It’s happening. My baby is growing up. Juniper Junior has not long been five, and now has a wobbly tooth. A very wobbly tooth, as it happens. And there comes an issue: the Tooth Fairy. Some may remember from last Hogswatch, that I wrote about our experience as a Humanist family. But now we have a new experience: the aforementioned Tooth Fairy.
Once upon a time – all right, last week – Juniper Junior came through to the kitchen where Mr. Juniper and I were talking. The talk turned to his wobbly tooth, and without much forethought, we mentioned the Tooth Fairy. With an immediacy with which Acme anvils are well accustomed, I thought: what am I saying?
In similar ways to the Hogfather, the Tooth Fairy is just â€œthere.â€ An idea that has, in various incarnations, been a part of our culture for a long time. And it can feel a little daunting to go against something that has become a tradition.
A part of being a Humanist is to reject the supernatural, and I suspect that any self-respecting Tooth Fairy would consider themselves to be a supernatural being. To me this means finding the line between encouraging belief and enjoying the story. At Hogswatch, we enjoyed the story of the Hogfather but we did our best not to encourage the belief of the Hogfather. An encouragement that a concept which has relied largely on an oral history is of little difference to a story book. Indeed, Juniper Junior has two books of Bible stories because we feel that the stories can still be of importance; it’s whether we treat them as fact or fiction that matters.
I appreciate that there are people who say the Tooth Fairy does no harm, and will consider me to be a freak because I’m â€œover-thinkingâ€ this, or will see me as denying my son a critical part of childhood if we deny the Tooth Fairy. To be fair, a lot of people say the same things about Humanism. That by being a Humanist family, we’re denying our son something critical. I am at the point where those beliefs are something to ignore. Though it can be very hard. I try to bear in mind that those people are at liberty to raise their children as they see fit, so long as they do no harm, just as we are at liberty to raise our son as we see fit, so long as we do no harm. There are those who consider a rejection of deities within a child’s life to be abuse, but for the moment, the United Kingdom’s government disagrees with them. Long may they do so.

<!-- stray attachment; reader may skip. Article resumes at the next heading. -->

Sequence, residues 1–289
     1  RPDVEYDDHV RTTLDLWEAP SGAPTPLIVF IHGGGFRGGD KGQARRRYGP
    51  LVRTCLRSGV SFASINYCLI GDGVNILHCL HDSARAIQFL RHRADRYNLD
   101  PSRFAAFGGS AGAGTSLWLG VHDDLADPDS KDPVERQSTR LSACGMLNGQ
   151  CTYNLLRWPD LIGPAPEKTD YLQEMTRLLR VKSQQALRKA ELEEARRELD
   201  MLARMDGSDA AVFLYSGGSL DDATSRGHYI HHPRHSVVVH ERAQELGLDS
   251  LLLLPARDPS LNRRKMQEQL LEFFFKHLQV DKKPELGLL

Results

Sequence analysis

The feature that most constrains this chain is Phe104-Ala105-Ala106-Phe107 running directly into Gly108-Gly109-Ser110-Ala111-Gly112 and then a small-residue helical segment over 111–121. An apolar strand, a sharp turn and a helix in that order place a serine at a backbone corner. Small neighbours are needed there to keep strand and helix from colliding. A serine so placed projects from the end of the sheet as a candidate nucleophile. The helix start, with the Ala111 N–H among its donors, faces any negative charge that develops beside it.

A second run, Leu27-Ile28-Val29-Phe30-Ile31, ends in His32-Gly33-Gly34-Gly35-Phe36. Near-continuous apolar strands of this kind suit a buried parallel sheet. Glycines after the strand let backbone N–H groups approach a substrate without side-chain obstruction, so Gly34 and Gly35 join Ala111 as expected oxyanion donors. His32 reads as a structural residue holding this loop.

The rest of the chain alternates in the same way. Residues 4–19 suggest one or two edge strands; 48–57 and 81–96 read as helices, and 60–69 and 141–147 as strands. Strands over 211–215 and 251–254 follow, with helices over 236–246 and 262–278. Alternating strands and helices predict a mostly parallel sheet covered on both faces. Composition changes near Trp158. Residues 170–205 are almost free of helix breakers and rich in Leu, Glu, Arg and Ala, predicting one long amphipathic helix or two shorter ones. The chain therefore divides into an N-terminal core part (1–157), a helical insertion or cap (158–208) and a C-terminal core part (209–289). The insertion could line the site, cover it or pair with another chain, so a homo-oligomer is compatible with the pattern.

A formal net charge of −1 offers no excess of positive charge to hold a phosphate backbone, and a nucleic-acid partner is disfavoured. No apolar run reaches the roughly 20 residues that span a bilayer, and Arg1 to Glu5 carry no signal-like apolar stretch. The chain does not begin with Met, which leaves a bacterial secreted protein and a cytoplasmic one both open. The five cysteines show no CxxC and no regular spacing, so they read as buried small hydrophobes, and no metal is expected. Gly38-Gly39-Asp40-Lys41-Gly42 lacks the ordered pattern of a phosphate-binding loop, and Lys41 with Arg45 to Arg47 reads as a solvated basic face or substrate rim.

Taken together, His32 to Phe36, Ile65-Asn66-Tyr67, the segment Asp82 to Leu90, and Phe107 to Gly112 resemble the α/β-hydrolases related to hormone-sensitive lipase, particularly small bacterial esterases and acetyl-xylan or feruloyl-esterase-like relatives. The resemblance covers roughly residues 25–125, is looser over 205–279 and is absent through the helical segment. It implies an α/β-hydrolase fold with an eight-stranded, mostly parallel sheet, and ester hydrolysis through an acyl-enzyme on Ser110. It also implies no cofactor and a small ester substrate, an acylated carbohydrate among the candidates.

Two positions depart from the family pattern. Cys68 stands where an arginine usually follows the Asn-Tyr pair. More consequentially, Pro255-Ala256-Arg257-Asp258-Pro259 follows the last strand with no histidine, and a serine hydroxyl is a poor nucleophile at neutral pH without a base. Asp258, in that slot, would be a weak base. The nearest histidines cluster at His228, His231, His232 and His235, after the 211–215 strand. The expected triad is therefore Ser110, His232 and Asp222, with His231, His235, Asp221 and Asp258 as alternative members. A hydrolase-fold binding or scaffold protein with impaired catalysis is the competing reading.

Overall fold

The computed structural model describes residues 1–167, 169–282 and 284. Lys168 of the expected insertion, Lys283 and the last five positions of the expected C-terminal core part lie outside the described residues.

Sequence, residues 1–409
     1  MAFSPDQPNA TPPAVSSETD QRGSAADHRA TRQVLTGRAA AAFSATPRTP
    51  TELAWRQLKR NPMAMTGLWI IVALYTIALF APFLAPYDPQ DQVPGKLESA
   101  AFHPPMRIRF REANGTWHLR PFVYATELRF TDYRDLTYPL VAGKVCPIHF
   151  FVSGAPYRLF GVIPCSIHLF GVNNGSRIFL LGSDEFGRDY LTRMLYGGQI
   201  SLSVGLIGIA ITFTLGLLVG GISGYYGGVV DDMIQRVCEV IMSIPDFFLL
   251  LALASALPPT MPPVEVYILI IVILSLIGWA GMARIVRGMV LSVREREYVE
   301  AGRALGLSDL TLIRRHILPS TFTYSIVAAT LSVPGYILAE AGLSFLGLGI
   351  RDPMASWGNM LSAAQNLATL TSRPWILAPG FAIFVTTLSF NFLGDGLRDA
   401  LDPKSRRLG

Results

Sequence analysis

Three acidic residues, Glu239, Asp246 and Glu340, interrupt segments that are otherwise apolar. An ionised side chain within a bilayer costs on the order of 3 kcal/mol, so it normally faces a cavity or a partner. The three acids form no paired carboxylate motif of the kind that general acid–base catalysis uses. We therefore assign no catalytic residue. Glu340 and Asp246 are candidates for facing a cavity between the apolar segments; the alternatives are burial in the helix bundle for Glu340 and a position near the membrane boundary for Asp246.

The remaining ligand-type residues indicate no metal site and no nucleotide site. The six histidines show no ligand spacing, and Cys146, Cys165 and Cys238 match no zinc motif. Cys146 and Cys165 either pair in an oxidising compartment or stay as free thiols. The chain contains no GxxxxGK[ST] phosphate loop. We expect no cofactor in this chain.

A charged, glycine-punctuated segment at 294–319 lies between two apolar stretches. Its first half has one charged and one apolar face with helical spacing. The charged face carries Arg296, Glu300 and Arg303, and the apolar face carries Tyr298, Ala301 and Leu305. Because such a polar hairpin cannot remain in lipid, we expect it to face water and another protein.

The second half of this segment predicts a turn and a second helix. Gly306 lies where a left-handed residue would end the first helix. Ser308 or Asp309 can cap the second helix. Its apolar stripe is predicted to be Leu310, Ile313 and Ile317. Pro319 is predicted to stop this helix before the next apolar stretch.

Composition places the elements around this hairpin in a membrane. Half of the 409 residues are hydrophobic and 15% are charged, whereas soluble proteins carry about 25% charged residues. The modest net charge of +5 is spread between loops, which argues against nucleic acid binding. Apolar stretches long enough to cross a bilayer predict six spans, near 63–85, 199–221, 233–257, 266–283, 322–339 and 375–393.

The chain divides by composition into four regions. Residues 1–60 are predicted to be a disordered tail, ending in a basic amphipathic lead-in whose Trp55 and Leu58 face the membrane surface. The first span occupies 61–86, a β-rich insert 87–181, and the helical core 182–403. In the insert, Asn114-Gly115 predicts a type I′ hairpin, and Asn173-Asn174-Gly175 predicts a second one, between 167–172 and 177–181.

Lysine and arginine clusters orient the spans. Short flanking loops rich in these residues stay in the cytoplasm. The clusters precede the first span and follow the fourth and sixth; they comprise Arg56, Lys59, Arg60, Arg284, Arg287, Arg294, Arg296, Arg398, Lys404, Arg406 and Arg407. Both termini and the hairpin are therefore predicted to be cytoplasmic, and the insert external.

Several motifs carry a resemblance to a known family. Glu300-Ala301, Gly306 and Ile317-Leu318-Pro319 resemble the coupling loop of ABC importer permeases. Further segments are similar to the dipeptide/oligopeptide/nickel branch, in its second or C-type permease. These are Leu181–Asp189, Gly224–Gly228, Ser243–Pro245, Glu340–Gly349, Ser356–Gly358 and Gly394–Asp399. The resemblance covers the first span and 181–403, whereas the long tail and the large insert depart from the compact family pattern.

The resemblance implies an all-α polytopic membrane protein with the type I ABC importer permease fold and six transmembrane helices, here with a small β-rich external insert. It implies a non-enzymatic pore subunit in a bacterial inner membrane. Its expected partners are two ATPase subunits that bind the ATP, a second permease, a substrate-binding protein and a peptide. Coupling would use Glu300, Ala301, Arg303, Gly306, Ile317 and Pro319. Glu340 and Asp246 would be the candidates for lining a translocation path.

As always, a simpler approach has a tendency to be the better approach. But over the past few days, I have still been left with the â€œhowâ€ of this approach. What is the simple approach to enjoying the story of the Tooth Fairy? Part of me would like to get Juniper Junior to read The Hogfather. It is a fantastic look at belief and stories, which also happens to be written by one of my heroes (and fellow Humanist) Terry Pratchett. But I fear The Hogfather is a little beyond Juniper Junior’s current reading ability. I don’t wish to have a need for a spoiler warning, so I shall simply say that the way in which The Hogfather includes the Tooth Fairy truly is amazing.
So the simple approach has something of a plan emerging around it. The plan being alongside reminders that the Tooth Fairy is something that some people choose to believe in, that it is a part of a long history of mythical creatures and beings. But that we can also enjoy that story. That if we’re talking about the story that is the Tooth Fairy, why don’t we get out some of the books we have on folklore and check out the kelpie and selkie stories, too?
There is then, the matter of payment. The Tooth Fairy, or at least, the tooth fairies that act on behalf of the Tooth Fairy, are generally expected to offer a reward for the tooth in question. Juniper Junior doesn’t get pocket money, so I wonder how much a financial reward will mean to him. He enjoys playing with pennies, but he is quite as entertained by a two-pence piece, as he is by a pound. But perhaps in turn, this is an opportunity to teach him something about money. He does, after all, have a piggy bank. How much though? Twenty pence? Fifty pence? A pound? If he’s to save his pennies, then a small amount seems reasonable. If he’s to spend them? There has to be enough to buy something, even a small something. Save or spend? Perhaps this is the moment to grab, and encourage the idea of saving.
With events like Hogswatch, we have come to have our own traditions and little quirks. And so, we hope to do the same with the Tooth Fairy. The tradition in mind, is for books. To be fair, I will wrangle an excuse out of anything to acquire more books. So in preparation for the tooth coming out, I have done a little shopping on Amazon on behalf of the Tooth Fairy. And along with the pennies that Juniper Junior finds by his pillow, he’s going to find a book, too. So now we just have to wait for the tooth to come out – hopefully on a weekday – I’ve heard the rates go up at weekends.